• If online and there is no teacher (asynchronous), you may consider scheduled breaks but not before a specific amount of work is completed. You may need to plan for extra 1:1 attention, or at least checking-in every 15 to 30 minutes depending on the age or maturity-level of your child.

How do I enforce?

A big challenge is enforcing these rules on your high school student. In that respect, your teen may have ideas about how the online and asynchronous learning should be carried-out, while you have very different ideas. The goal, as with all matters when dealing with a teen, is to have a open conversation with your teen and attempt to reason with him or her. When dealing with a teen, we try, above all else, to avoid relying on punishments and, rather, rely on talking things out and coming to a compromise. In that absence of finding common-ground, your left with other options including trying to get his friends to offer a positive influence. In that respect, maybe your teen’s friends and their parents have already come to agreement that the online schooling should be in a family area with monitoring and not in their room. In that respect, peer’s plans are vital to potentially coming to an agreement.

In the absence of Common-Ground

If you can’t come to an agreement with your teen, then you’re left playing some hardball. In dealing with teens, it’s always best to work together, compromise, and attempt to come to common-ground. However, if that does not occur, then at some point you simply dig-in and ‘do what you have to do. In most instances, these days, that involves shutting down access to the phone or video games on days of in-home schooling unless they acquiesce. Your kiddo won’t be happy, but you have limited options unless you’re okay with indulging your teen’s wishes.

If your teen agrees

If your teen is on board with the program, then you’re all set. Schooling is scheduled to begin at a particular time, in a specific location in the home, and carried-out for a certain number of hours with planned breaks. If your child has some special needs, you’ll plan the breaks and level of oversight accordingly. You’ll likely need to check-in with the teacher on a regular basis; granted, we want our teens to be independent and for us to intervene as little as possible. However, it does not always work out that way and, in all fairness, it’s far easier to lose track of assignments and tests via an online format, than when a student is face-to-face with the teacher.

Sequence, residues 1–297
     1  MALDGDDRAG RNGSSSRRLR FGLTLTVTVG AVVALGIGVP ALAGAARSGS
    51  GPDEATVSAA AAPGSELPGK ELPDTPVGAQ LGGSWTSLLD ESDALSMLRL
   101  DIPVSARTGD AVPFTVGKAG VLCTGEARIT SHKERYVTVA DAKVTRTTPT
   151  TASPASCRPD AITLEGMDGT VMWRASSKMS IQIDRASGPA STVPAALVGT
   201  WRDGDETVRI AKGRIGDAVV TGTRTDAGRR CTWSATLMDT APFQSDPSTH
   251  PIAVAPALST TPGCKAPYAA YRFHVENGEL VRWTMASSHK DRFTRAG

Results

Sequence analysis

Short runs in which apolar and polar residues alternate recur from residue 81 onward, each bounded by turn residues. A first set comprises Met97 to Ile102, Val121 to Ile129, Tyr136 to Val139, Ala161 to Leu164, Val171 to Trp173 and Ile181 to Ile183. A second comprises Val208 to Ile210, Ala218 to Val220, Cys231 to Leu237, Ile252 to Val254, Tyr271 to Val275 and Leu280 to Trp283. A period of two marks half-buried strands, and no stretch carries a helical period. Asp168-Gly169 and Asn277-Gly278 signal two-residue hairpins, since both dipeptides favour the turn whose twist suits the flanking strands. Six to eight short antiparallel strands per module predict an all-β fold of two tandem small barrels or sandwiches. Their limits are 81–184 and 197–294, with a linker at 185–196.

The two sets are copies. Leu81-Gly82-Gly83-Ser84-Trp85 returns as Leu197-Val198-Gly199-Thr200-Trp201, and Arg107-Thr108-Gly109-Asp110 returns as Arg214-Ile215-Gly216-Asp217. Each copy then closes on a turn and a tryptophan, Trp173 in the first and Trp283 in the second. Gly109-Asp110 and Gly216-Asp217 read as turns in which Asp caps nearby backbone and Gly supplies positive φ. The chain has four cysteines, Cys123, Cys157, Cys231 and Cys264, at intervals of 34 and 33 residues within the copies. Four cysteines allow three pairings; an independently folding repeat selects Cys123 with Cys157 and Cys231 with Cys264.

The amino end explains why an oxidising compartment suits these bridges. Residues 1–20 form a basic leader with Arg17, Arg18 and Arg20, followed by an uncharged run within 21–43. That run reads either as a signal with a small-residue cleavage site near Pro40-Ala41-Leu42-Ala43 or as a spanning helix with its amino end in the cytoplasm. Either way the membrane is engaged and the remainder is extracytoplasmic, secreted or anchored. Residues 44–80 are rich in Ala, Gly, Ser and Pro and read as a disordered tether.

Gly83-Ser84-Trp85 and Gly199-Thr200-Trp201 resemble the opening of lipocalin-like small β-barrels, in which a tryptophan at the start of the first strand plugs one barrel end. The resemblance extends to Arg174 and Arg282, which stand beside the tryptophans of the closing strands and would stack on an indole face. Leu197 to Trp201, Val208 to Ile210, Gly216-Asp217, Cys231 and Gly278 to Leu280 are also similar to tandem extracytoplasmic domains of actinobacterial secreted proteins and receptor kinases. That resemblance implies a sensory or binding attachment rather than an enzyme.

Hope for the best, plan for the worst

I certainly hope this challenging time goes smoothly; in fact, some of kids thrive in an online format. However, many do not, so we have to prepare accordingly. Think about how your child is likely to respond, and plan this out; don’t wait till the last minute.

In my next post, I’ll show you how to get control of your child or teens video game and phone without getting into a wrestling match.

In the meantime, if you have questions, don’t hesitate to reach-out at DrCarosso@aol.com. These are challenging times. God-speed in venturing through this situation, it being resolved quickly and favorably, and all our kids, if we so choose, getting back to school in-the-classroom on a full-time basis.

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Dr. John Carosso

Dr. Carosso has more than 30 years of experience as a licensed Child Clinical Psychologist and Certified School Psychologist working in private, inpatient, outpatient, residential, school, and home settings. He is Clinical Director of Community Psychiatric Centers (cpcwecare.com), a licensed Behavioral Health Outpatient Clinic, and operates both the Autism Center of Pittsburgh (autismcenterofpittsburgh.com) and the Dyslexia Diagnostic and Treatment Center (dyslexiatreaters.com).